Things get somewhat more frustrating when you realize that an objective list of their best songs starts to look like a list of TV theme songs, with their discography having been adopted by the CSI Franchise. And that's all well and good, but those songs, particularly "Won't Get Fooled Again," are so deeply ingrained in the public consciousness in that context that it becomes difficult to talk about them outside of it. Not impossible, mind you, but those three songs would be an easy shortcut to constructing this list, because nobody would argue. So right at the outset, I am ruling out "Who Are You," "Won't Get Fooled Again" and "Baba O'Riley" from this list... which is a shame, because as I said they are three of the band's best tunes, and the last one is my absolute favourite song of theirs. But crazy, arbitrary limitations are what The 5 is about, so let's look at what's left:
1: "My Generation"
Let's start with something simple. Basically the entire concept of punk can be traced back to this seminal single, which signalled the Who's rougher, more belligerent take on British Invasion-era rock. A lot of attention gets paid to Daltrey's stuttering delivery of Townshend's perfectly rebellious lyrics, but my ear always goes right to John Entwistle's bass and Keith Moon's drums, which are the more prominent part of the sound through most of the song, upending the traditional rock group dynamic we're used to. This is a song that puts its money where its mouth is.
2: "The Kids Are Alright"
This is almost the inverse of "My Generation." Where that was a song of brashness and self-assurance, this is one of modesty and self-erasure. It's a song about letting other guys dance with your girl. It's not as raucous or incendiary as "My Generation" by a longshot, it's all jangly and restrained. It's The Who as hep, too cool for school mod pop act. Yet it takes balls to be that modest, to send your girl off with other guys (because the kids are "alright.") The individual powers of the band don't really assert themselves as much in "Generation," but they're all here, from Moon's drums to Entwistle's fleet-fingered bass, and a tight, pummeling guitar break from Townshend, to a surprising amount of harmonies accompanying Daltrey's resigned everyman vocal.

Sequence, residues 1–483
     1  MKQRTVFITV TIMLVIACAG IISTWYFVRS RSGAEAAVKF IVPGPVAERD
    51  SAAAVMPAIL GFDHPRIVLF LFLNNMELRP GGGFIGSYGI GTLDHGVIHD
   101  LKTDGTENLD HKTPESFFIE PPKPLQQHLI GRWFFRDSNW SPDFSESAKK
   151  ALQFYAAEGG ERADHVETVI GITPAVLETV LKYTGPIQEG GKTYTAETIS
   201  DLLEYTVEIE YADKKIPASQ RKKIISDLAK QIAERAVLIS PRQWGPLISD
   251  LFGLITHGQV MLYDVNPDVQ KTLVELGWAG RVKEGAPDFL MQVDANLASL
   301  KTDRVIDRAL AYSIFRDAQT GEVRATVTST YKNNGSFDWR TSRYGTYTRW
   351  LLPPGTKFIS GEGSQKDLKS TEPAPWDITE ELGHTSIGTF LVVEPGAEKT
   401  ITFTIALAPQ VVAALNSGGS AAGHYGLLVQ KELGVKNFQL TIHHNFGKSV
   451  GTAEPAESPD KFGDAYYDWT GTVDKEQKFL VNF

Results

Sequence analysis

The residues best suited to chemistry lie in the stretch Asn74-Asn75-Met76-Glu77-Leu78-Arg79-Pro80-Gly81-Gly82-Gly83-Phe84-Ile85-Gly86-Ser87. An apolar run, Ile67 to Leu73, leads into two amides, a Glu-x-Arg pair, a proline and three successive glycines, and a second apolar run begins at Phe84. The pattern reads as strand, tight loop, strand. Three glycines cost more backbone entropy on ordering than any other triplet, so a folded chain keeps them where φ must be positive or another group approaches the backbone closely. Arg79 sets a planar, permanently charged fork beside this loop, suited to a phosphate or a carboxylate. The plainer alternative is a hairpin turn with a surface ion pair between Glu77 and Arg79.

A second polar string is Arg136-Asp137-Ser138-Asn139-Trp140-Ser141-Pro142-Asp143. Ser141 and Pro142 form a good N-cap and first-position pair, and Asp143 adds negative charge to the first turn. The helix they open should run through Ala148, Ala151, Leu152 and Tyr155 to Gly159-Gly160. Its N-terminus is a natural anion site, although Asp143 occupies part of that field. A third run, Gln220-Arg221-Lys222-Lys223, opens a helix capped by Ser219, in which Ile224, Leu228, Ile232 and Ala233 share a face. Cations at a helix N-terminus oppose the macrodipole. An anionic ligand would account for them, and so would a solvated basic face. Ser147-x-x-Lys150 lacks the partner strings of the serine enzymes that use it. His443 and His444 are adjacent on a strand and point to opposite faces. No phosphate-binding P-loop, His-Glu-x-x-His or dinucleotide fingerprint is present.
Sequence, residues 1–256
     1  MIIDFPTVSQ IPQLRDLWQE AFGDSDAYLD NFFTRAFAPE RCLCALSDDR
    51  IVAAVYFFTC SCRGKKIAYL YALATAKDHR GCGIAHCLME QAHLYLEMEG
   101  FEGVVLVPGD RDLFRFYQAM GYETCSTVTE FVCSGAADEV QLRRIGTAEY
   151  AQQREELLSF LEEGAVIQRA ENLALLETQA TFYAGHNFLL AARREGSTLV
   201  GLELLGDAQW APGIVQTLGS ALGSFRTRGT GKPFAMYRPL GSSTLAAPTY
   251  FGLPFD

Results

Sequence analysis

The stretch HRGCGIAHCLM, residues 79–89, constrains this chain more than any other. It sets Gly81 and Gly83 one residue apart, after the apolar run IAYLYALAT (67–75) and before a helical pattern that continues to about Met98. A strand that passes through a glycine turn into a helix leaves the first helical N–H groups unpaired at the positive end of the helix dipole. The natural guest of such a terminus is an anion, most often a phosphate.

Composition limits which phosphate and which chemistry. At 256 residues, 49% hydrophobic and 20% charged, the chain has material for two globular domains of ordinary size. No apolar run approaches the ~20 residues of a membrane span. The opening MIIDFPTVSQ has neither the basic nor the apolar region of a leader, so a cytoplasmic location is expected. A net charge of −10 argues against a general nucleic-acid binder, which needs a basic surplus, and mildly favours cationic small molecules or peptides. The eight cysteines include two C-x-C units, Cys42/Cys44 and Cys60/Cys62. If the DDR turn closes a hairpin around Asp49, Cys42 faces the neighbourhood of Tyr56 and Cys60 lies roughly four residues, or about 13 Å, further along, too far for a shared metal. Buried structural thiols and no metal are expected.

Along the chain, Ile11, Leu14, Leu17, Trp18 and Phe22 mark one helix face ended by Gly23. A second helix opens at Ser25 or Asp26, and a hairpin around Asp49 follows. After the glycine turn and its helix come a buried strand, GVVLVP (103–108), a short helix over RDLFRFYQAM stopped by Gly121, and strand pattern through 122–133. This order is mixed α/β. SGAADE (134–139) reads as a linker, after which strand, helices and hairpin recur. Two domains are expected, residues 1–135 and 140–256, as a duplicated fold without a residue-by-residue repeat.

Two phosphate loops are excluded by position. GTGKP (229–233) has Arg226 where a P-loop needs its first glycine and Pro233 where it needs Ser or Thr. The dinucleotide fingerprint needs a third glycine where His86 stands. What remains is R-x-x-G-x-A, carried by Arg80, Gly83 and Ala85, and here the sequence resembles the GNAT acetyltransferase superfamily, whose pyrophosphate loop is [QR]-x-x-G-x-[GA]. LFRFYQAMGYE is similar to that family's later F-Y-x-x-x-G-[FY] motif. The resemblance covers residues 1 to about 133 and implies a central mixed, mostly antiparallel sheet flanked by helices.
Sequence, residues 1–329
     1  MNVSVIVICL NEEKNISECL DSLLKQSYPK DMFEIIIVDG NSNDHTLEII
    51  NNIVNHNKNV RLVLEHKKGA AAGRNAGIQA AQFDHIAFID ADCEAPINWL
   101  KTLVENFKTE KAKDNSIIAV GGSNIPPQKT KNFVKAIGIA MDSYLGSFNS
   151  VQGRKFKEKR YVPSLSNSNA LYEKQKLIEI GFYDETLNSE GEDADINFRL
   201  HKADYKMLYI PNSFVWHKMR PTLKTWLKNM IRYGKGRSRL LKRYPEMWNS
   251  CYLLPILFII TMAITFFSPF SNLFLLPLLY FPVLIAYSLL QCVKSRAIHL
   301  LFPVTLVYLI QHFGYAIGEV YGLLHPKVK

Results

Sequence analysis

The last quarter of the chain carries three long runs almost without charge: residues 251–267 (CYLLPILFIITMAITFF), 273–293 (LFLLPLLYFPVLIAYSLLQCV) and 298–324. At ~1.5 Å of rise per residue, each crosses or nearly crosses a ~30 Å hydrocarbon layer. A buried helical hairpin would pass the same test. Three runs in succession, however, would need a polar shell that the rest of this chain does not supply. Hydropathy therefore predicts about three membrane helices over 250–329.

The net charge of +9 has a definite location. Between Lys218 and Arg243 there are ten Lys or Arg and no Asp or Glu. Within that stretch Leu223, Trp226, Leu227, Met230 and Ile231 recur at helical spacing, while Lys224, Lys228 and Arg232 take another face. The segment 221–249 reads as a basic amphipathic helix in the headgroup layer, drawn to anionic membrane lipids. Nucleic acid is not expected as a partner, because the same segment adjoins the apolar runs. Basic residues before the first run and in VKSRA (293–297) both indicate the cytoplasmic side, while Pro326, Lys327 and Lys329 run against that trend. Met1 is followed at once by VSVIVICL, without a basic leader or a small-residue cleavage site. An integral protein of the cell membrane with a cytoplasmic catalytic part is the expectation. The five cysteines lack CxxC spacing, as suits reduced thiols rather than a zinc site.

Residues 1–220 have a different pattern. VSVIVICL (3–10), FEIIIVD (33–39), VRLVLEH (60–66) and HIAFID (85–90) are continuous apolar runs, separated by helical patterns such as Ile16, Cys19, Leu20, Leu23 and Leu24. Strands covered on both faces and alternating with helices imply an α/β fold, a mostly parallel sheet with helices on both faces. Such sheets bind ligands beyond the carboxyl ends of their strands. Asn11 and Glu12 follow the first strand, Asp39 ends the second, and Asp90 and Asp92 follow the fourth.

3: "A Quick One While He's Away"
Either you get it or you don't and either way is fine by me. The Who's first stab and longform songwriting/storytelling in song is this cute little ditty about a housewife being seduced by a train driver while waiting for her husband to return from a yearlong absence. And while it's not essential enough to The Who's discography to make it onto any of their Greatest Hits compilations, it captures them basically at the moment between being the band that recorded "My Generation" and the one that recorded Tommy. It takes balls to attempt a gag like this, and for me it's an indication they could pull it off even bigger. "You are forgiven / You are forgiven / You are forgiven..."
4: "Behind Blue Eyes"
As the villain song for the abandoned Lifehouse project, "Behind Blue Eyes" carries a lot of weight to it. It grounds and humanizes the point-of-view character of the piece, now just a random moment on the Who's Next album. It's confessional and sincere, and yet its character remains frustrated and angry, succumbing to his baser nature. The build of the song, that moment when it kicks into higher gear, is spot-on, and all of the bandmembers are working at full tilt here (as if they ever weren't, but still.) A classic rock gem in the truest sense.
5: "Love Reign O'er Me"
The Who are a band that wore their spirituality (well, Townshend's spirituality) openly, while managing to weave it into their rock aesthetic. Ultimately it was about freedom and release through music. I could have put in "Join Together" or "This Song is Over," or perhaps even "Bargain," which is superficially about winning over a girl and yet very clearly about spiritual gain. But the hitch with "Love Reign O'er Me" is the simplicity. At this moment in the Quadrophenia project, Townshend's tendancy toward gangly, specific lyrics give way to a general sentiment that captures and enraptures, and Daltry knocks it out of the fucking park. This is my favourite part of any rock opera they did, because it was both among the rockiest and most operatic.